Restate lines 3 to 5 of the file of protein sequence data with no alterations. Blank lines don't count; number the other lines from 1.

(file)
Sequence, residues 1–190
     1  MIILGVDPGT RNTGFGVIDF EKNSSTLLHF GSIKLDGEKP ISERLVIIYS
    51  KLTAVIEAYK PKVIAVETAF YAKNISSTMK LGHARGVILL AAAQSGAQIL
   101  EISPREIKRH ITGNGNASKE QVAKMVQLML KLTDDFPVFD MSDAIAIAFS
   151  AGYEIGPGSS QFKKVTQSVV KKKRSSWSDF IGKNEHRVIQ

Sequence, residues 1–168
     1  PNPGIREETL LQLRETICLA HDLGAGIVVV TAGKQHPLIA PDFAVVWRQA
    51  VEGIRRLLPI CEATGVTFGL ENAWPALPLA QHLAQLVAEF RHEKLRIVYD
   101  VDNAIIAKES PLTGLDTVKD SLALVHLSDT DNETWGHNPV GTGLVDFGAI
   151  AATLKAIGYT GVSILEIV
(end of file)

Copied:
    51  KLTAVIEAYK PKVIAVETAF YAKNISSTMK LGHARGVILL AAAQSGAQIL
   101  EISPREIKRH ITGNGNASKE QVAKMVQLML KLTDDFPVFD MSDAIAIAFS
   151  AGYEIGPGSS QFKKVTQSVV KKKRSSWSDF IGKNEHRVIQ